As the world is increasingly being built around automated systems, where do women fit in?
Businesses are adopting artificial intelligence faster than ever before to simplify processes. For example, AI can be used to automate customer service tasks, help doctors diagnose diseases, improve search engine results, control self-driving cars, etc. The list goes on and on...
As AI becomes pervasive in everyday life, the question of diversity and inclusion in technology remains a significant concern. In particular, the persistent under-representation of women in data science and AI, including gender data gaps, leads to the encoding and amplification of bias in technical products and algorithmic systems, creating harmful feedback loops.
“To be truly diverse you need to bring people into AI that think differently.”
Head of AI & Machine Learning and Member of the Executive Committee
AI is one of the fields in which women can experience tremendous success, especially with the right push toward female participation in the industry.
Introducing Lians Wanjiku, Data Science and Machine Learning enthusiast. Here, we’ll take a walk through her journey into data science and inspire young women to join the tech movement.
Lians is a senior-year student and research assistant intern in the data science center at the Dedan Kimathi University of Technology in Kenya.
Taking notice of how simple it is to extract insights from data, Lians interest became sparked in Machine Learning. She joined a data science community about a year ago and has taken a keen interest in pursuing it as a career. To Lians, it is amazing how data science and AI drive the future!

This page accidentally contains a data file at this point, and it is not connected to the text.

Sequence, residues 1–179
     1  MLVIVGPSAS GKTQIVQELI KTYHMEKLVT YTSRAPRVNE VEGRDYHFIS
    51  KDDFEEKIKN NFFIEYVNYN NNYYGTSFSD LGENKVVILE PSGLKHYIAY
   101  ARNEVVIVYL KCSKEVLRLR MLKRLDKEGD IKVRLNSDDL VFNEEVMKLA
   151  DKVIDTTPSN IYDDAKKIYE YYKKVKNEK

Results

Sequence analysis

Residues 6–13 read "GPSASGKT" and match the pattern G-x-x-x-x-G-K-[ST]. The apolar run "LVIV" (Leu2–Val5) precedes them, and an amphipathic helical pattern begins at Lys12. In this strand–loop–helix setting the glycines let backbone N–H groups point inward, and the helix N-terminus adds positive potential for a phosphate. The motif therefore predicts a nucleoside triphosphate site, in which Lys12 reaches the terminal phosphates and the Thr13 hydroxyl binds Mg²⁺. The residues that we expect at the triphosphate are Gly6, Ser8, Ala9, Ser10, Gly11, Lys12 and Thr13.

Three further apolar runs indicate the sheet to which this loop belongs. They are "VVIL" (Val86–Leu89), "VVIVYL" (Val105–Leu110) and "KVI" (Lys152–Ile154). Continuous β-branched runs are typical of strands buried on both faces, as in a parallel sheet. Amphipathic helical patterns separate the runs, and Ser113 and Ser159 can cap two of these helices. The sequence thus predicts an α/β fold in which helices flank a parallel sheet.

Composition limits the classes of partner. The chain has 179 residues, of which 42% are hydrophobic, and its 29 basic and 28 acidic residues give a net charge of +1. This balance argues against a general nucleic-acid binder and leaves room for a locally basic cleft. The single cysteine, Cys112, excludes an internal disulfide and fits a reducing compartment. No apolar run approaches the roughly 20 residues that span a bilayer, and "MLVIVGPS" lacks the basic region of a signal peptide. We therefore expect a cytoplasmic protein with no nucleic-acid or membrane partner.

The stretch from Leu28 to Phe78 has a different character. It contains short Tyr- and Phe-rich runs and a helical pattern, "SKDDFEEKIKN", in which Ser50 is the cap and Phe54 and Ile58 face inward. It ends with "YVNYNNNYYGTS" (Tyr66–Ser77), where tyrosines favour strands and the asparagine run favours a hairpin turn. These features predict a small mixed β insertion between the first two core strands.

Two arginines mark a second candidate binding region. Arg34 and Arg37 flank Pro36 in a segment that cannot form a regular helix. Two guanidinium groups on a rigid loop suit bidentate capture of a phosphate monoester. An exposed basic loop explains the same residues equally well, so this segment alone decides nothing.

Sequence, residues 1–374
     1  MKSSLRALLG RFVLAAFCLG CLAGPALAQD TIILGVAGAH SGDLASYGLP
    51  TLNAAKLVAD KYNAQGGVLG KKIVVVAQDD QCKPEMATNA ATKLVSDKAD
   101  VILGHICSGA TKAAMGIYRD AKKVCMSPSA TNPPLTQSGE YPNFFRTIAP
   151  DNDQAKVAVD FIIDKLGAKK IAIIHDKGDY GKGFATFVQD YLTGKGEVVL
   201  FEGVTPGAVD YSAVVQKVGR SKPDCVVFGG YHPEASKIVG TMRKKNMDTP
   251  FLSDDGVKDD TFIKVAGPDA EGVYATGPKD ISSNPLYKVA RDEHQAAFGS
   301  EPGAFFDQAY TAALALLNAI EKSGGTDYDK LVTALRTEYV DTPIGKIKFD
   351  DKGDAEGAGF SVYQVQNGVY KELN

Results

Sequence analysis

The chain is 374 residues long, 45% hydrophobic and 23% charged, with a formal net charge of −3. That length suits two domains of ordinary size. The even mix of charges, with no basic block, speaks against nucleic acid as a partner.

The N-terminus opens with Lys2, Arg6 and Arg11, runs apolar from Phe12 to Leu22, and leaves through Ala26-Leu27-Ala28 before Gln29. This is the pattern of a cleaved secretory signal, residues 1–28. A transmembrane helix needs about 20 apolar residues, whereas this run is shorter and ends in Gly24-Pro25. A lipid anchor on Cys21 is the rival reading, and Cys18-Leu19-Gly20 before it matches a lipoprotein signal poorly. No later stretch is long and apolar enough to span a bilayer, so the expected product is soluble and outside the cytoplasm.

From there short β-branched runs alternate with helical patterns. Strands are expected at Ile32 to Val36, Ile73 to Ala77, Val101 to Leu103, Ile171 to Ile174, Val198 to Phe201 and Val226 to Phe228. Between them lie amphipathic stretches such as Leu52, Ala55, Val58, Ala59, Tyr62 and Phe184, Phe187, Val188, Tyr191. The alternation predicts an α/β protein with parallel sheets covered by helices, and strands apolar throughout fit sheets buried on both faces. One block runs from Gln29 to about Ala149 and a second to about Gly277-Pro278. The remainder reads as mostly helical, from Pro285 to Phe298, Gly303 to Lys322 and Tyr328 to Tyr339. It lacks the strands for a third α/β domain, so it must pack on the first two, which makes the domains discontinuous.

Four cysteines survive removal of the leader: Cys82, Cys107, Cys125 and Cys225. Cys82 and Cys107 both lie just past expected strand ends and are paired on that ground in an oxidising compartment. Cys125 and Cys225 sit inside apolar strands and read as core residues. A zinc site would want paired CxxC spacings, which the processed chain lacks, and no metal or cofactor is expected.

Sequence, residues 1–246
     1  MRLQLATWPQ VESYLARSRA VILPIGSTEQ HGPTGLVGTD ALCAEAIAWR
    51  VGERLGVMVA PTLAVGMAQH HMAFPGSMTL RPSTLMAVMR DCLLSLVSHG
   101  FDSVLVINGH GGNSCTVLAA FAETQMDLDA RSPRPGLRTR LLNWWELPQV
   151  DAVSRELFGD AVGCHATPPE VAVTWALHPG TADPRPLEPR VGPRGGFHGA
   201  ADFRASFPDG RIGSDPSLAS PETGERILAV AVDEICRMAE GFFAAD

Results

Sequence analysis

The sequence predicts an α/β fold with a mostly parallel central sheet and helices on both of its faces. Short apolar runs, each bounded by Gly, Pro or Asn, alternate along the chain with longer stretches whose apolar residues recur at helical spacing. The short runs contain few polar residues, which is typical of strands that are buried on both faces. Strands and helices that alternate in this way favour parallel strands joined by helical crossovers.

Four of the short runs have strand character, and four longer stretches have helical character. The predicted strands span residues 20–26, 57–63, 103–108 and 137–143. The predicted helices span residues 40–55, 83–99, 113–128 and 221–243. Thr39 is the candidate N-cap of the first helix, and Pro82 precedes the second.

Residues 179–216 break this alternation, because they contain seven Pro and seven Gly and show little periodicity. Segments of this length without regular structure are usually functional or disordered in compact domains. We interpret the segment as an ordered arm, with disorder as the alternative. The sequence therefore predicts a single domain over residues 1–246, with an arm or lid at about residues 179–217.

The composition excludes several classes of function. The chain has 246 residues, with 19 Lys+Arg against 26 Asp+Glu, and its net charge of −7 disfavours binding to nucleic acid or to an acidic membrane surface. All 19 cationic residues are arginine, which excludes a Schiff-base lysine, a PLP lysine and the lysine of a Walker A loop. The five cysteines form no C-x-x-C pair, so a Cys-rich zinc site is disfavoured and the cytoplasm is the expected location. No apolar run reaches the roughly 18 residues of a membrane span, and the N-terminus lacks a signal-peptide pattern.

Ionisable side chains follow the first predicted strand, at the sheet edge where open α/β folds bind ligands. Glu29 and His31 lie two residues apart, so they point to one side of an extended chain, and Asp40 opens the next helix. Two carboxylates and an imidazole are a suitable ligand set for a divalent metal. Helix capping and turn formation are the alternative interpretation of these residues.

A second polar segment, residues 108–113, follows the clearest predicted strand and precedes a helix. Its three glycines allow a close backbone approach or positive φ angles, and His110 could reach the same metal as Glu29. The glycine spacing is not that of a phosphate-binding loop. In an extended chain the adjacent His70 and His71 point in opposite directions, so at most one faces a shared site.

Lians only got started with YOLOv5 several months ago! Working with images of various animal species, the main goal of working with the YOLOv5 as an object detection model was to classify the animal species in her school’s conservancy. Later in the project, she realized that after classification, the model could automatically annotate all the images. This makes it easier to reduce human effort and save time annotating images.
Lians also experimented with other pre-trained object detection models, such as TFOD and YOLOv3, because initially, she needed to gain knowledge and skills in PyTorch. However, after finding YOLOv5 through research, she quickly implemented it. For Lian, the model performs the best as it is lightweight, simple to use, and provides the best accuracy.
“The best part is you can get started with just a few lines of code!”
Lians recommends YOLOv5 for anyone who is new to this field. In her words, "YOLOv5 was built for object detection, so it's good at what it does! Because there are fewer operations and less code to write, YOLO is one of the most well-known object detection algorithms due to its speed and accuracy.'
Lians is open for collaborations on GitHub and available for a chat on Twitter, she also publishes articles on projects she is working on. Check out her article: Introduction to Object Detection with YOLOv5!
I deployed the object detection model on some videos with both zebras and impalas and.... From this perspective I think I'm going to have to go back to the kitchen and work with more data and perfect the model. #100daysofcoding @ultralytics #objectdetection @WomenInDataAfri
— lian.s__ (@lians___) November 29, 2022
Thanks for reading about Lians' experience. As Ultralytics, we look forward to more women joining this field. We will continue to make AI easier for everyone, stay tuned!
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